Frustration with leaders of the Alabama Community College System came to a head among Mobile state lawmakers this summer after Bishop State Community College interim president Lawrence Brandyburg was fired. The June firing raised concerns about frequent leadership changes at the historically black community college and within the system as a whole.
Some policymakers believe the system has caused bleeding among presidents in recent years due to system chancellor Jimmy Baker’s micromanagement. System leaders say the repeated leadership changes at various universities preceded Baker’s tenure and that his administration has been working to address the problem.
A bipartisan group of 10 state lawmakers held a news conference in June and wrote to Gov. Kay Ivey, who is also president of the system’s board of trustees, to express “outrage” at Brandyburg’s abrupt firing. After a little over a year in his position, he was fired. The group commended Brandyburg for maintaining “a cohesive relationship with business and industry, K-12 schools and community organizations” and called for an investigation and meeting with the board regarding his departure.
“We have major concerns about micromanagement and leadership changes that will hamper the community’s efforts to rebuild trust in Bishop State,” the letter said. “It’s troubling to witness the recent spate of leaders who have headed the historically black community college.”
Brandyburg’s resignation “was the last straw,” said Barbara Drummond, one of the state officials who signed the letter. “That points to a deeper problem.”
Bishop State has had six incumbents, interim and permanent presidents since 2015, not counting Olivier Charles, the new president who took office last month. The turnover is hardly an isolated case within the system.
Nearly half of the system’s 24 campuses have had at least four leadership changes in the past decade, including Bevill State Community College, Northwest-Shoals Community College, and Gadsden State Community College Lagniappea local weekly newspaper.
Ebony Horton, a spokesman for the system, said the rampant change in leadership at Alabama’s community colleges predates the current chancellor and is a common problem in community college systems across the country. She noted that nine of the 24 colleges had interim presidents when Baker took office five years ago. All colleges in the system now have permanent presidents in office, she said.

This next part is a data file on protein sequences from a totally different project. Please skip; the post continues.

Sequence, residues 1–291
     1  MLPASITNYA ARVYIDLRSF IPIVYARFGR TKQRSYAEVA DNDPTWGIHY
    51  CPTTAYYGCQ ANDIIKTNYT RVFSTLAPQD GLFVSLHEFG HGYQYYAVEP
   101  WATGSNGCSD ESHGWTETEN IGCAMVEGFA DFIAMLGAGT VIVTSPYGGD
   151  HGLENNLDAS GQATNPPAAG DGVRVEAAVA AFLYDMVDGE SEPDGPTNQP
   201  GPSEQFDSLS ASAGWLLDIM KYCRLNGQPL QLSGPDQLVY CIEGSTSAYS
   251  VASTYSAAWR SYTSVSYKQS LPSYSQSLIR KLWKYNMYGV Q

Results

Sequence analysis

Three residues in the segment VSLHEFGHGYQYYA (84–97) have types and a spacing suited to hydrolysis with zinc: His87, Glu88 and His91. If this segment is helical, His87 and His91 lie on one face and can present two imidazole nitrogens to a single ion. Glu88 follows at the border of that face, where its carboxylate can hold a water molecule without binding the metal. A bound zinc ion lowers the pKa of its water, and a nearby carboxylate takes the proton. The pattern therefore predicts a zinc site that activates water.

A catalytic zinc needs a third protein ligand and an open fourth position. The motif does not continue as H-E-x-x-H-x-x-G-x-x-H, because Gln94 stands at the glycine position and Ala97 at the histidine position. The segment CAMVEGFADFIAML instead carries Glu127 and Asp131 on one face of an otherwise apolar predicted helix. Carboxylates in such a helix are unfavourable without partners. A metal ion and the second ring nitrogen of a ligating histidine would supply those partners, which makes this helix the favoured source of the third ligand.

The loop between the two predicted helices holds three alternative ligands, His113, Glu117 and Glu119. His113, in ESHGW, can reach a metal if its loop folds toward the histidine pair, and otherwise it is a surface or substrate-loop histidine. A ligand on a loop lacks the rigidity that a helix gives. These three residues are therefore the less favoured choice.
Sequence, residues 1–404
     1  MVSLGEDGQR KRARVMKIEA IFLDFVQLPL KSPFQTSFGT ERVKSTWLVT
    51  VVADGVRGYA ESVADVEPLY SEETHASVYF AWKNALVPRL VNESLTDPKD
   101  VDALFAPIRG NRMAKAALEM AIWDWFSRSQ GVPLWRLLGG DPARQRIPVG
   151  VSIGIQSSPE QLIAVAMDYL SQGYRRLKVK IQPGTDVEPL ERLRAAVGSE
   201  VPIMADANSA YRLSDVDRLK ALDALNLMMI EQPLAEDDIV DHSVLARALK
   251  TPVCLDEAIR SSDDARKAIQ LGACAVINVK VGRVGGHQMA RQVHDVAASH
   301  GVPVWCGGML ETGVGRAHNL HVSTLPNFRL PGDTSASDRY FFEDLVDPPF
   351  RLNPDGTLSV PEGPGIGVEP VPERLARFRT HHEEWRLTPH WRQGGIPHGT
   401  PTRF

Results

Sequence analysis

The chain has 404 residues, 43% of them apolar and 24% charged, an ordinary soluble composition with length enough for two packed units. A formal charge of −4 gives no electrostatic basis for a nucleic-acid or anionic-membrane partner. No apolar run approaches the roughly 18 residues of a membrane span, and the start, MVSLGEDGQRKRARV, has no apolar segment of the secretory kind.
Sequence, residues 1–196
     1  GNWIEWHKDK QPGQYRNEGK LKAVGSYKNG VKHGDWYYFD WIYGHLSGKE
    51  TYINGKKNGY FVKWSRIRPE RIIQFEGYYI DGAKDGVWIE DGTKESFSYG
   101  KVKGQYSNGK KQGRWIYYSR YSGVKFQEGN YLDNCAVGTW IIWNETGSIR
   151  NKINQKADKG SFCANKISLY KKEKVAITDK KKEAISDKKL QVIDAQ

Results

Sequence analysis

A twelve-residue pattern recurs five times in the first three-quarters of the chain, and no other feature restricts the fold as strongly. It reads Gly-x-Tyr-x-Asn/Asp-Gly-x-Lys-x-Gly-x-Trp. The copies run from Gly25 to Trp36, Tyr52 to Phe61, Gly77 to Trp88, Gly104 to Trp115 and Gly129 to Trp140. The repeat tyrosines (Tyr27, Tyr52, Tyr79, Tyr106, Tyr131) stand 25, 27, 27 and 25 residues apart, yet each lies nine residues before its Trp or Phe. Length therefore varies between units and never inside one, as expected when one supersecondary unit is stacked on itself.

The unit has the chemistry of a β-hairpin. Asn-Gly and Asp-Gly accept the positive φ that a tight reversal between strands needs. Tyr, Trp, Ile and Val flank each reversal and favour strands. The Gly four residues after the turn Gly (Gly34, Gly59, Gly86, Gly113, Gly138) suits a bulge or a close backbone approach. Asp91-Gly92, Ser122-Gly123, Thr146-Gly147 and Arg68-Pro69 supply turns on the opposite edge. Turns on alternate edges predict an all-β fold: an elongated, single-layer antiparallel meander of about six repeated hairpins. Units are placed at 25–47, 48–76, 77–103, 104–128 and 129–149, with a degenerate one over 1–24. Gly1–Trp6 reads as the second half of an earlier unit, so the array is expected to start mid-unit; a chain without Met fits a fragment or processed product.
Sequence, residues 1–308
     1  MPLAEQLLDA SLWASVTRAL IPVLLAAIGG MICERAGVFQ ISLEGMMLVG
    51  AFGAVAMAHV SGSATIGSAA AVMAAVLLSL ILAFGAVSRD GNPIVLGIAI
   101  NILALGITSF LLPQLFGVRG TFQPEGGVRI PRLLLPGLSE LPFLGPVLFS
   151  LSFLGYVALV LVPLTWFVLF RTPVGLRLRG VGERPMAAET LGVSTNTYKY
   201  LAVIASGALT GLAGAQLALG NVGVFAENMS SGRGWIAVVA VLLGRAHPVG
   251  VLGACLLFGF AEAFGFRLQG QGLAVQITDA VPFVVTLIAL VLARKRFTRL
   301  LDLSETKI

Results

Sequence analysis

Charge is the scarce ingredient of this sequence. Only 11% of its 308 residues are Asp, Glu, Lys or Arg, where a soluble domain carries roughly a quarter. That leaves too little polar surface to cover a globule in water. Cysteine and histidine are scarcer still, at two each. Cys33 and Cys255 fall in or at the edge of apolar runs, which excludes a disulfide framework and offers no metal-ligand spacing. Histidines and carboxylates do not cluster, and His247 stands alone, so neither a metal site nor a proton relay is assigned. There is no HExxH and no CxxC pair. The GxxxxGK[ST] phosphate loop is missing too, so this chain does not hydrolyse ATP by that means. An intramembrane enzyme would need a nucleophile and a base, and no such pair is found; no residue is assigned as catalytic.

“It’s quite an achievement and not an accident,” Horton said in a statement Within the Higher Ed. “It was the result of an intense, focused effort to recruit the best possible leaders for each institution. Our system’s college presidents strive to serve their colleges over the long term and have a proven track record in education and/or business. Having a slew of permanent presidents in office brings a greater level of stability and performance to our institutions, which is good for students, faculty, and our entire state.”
Drummond isn’t convinced the pattern of short-term presidential terms is over, despite new hires at Bishop State.
“It was never our concern who they put there,” she said. “That’s how they let her go.”
James Brandyburg, the sacked interim president’s brother and attorney, said Lagniappe that his brother was fired after refusing to promote his special assistant Frazier Payne to executive vice president at the Chancellor’s request in March. He was concerned that Payne, who only had a bachelor’s degree, was underqualified for the role, Brandyburg said, noting that Payne was made the chancellor’s special assistant shortly after he was denied his original promotion.
Community members in Tuscaloosa were also upset over the ousting of Brad Newman, president of Shelton State Community College, in February after less than a year in that capacity. According to WBRC, a Fox-affiliated Alabama television station, leaders of local businesses, churches and advocacy groups, including the Tuscaloosa chapter of the NAACP, spoke out against the unsettled decision at a meeting on his behalf this month.
Shelton State has had nine interim and permanent presidents over the past 10 years, not including Chris Cox, who became interim president after Newman’s departure and became permanent president in June.
“The issue isn’t the president’s position,” John Covington, owner of Chesapeake Consulting, a local firm, said at the meeting, according to the WBRC. “There’s something else wrong, otherwise you wouldn’t extradite all the presidents. What you have is a culture issue.”